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Ditto the above... and since I am building my pile incrementally.  Each addition of around 5 gallons of kitchen and chickenmanure if followed by straw and soil.  Despite proper C:N ratio it never really heats, and so is a defacto worm bin... despite its eventual size.  If I want a hot pile I get a truckload of horse manure... I have only gotten a real hot pile by building a 3-4' pile in a single batch.  I am content with worms and one rotation a year, and a 9 month cycle.

 
Aljaz Plankl
Posts: 386
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Place the heap where you will plant something in the future. It can also be in the shade...Probably the heap will not stay forever... Just a thought...
 
                          
Posts: 211
Location: Northern California
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If you want a worm bin, rather than a heap, you definitely want shade.
 
Joel Hollingsworth
pollinator
Posts: 2103
Location: Oakland, CA
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I understand some people build a compost pile in a normal garden bed, as part of the process of rotation. And some crops that do OK growing out of a hot pile; I think someone mentioned curcubits as a good choice.
 
Brenda Groth
pollinator
Posts: 4434
Location: North Central Michigan
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one comment on something i found helpful..last year i put the compost heap right next to an area i planned on working up this spring.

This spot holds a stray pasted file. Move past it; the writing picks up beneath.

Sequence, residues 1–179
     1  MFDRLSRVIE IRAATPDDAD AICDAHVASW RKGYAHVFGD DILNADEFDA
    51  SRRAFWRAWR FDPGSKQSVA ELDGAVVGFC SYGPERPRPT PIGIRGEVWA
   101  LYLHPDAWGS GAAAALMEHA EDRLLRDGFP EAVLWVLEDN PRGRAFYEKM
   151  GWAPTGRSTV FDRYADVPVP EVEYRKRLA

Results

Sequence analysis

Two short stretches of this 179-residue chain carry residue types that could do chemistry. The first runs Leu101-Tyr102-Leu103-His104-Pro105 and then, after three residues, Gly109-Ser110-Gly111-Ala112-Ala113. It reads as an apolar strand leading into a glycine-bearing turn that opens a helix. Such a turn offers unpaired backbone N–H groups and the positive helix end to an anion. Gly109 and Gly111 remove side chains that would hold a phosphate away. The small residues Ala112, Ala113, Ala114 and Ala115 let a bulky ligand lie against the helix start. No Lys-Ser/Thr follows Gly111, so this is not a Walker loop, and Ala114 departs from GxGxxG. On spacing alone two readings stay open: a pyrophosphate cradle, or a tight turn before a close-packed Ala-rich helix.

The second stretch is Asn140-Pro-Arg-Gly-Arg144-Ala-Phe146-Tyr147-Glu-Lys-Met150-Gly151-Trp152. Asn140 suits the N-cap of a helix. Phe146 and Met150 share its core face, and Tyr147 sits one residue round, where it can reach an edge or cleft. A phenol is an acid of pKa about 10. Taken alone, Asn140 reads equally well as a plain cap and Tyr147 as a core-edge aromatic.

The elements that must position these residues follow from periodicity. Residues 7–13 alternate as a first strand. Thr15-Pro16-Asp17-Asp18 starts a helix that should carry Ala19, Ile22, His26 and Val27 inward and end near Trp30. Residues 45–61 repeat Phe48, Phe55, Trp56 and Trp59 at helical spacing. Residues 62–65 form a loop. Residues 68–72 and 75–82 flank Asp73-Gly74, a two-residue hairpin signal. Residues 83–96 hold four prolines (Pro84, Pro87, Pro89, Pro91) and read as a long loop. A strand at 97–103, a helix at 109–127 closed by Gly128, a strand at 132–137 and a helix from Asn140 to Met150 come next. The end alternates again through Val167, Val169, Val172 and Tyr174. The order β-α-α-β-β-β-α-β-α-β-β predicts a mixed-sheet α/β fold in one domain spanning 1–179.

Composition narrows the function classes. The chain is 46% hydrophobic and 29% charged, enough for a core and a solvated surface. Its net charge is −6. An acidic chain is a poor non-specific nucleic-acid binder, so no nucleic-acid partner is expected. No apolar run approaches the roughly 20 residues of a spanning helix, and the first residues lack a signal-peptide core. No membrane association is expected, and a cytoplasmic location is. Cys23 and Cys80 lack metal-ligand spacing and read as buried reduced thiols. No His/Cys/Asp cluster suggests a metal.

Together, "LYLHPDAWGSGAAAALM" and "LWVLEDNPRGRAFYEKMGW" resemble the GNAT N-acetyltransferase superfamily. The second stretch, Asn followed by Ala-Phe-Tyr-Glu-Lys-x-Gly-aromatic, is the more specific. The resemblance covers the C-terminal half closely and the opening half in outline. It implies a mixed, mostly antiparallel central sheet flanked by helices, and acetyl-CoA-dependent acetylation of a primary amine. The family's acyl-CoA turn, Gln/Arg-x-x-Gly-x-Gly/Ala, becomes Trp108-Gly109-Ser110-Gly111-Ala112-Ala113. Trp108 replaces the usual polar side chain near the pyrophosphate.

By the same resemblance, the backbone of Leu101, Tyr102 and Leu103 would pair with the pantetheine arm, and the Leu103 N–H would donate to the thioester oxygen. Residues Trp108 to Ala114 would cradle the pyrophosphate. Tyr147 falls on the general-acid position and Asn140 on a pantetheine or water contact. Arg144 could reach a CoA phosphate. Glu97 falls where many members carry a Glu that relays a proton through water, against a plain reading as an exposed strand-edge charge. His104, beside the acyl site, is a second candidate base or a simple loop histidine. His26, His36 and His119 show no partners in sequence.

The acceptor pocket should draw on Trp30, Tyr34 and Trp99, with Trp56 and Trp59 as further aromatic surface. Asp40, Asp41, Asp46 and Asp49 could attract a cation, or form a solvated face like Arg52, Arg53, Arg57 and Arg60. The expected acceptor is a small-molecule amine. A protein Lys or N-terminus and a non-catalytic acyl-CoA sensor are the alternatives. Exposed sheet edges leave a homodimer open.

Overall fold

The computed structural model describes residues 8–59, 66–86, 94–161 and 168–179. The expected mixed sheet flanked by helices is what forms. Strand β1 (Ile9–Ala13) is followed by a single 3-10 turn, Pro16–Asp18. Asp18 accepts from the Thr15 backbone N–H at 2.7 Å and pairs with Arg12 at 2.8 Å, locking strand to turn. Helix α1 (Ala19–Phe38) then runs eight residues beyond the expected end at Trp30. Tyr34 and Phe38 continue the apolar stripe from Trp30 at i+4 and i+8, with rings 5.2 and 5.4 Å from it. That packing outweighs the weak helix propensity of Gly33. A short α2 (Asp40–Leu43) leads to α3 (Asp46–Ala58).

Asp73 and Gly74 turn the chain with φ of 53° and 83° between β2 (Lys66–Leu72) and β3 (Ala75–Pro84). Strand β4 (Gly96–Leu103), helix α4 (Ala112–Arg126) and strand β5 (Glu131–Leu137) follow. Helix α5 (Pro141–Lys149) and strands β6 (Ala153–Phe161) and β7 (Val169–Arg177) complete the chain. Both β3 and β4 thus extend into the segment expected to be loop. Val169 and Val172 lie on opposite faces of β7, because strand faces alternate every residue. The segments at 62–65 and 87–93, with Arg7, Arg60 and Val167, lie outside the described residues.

after working the area up this spring..the compost pile was easily shoved over onto the new area and some left where the pile had been..so the pile was easily moved to cover the entire new bed about a foot deep x 20' long by about 10 to 12' wide new bed area..

this couldn't have worked out better for me..i then deposited some soil over the top and raked it smooth and now have a very fertile large bed where i plan to plant cole crops and some squash around the edges..some of the pile was moved to the rest of the garden prior to this so other areas also received some compost ..but this area is super thick with it and very very fertile
 
                              
Posts: 461
Location: Inland Central Florida, USA
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Our piles are out in the sun but that is just because that is where it was convenient to place them.  We are in a wet climate so don't have the major drying problem except in especially dry springs.  We keep the pile very well covered with a tick layer of leaves over the top and dig down into it to add to the pile then re cover.  This keeps smells in and some of the excess rain out.  We don't have to worry about our pile freezing but we do need to keep and eye out in case it were to get too hot.  I don't think we have ever exceeded 160 F though.

Anyone who has a problem getting their compost hot, I recommend adding pee to it some but this would not be good for a "worm bin" so only do it if you have  enough compost for the worms to escape to a cooler location in the pile.  We once managed 150 F with a 2 foot circle of hardware cloth about 3 feet high full of leaves by adding about half the urine of three people for less than 3 weeks.
 
2017 Permaculture Design Course at Wheaton Labs
http://richsoil.com/pdc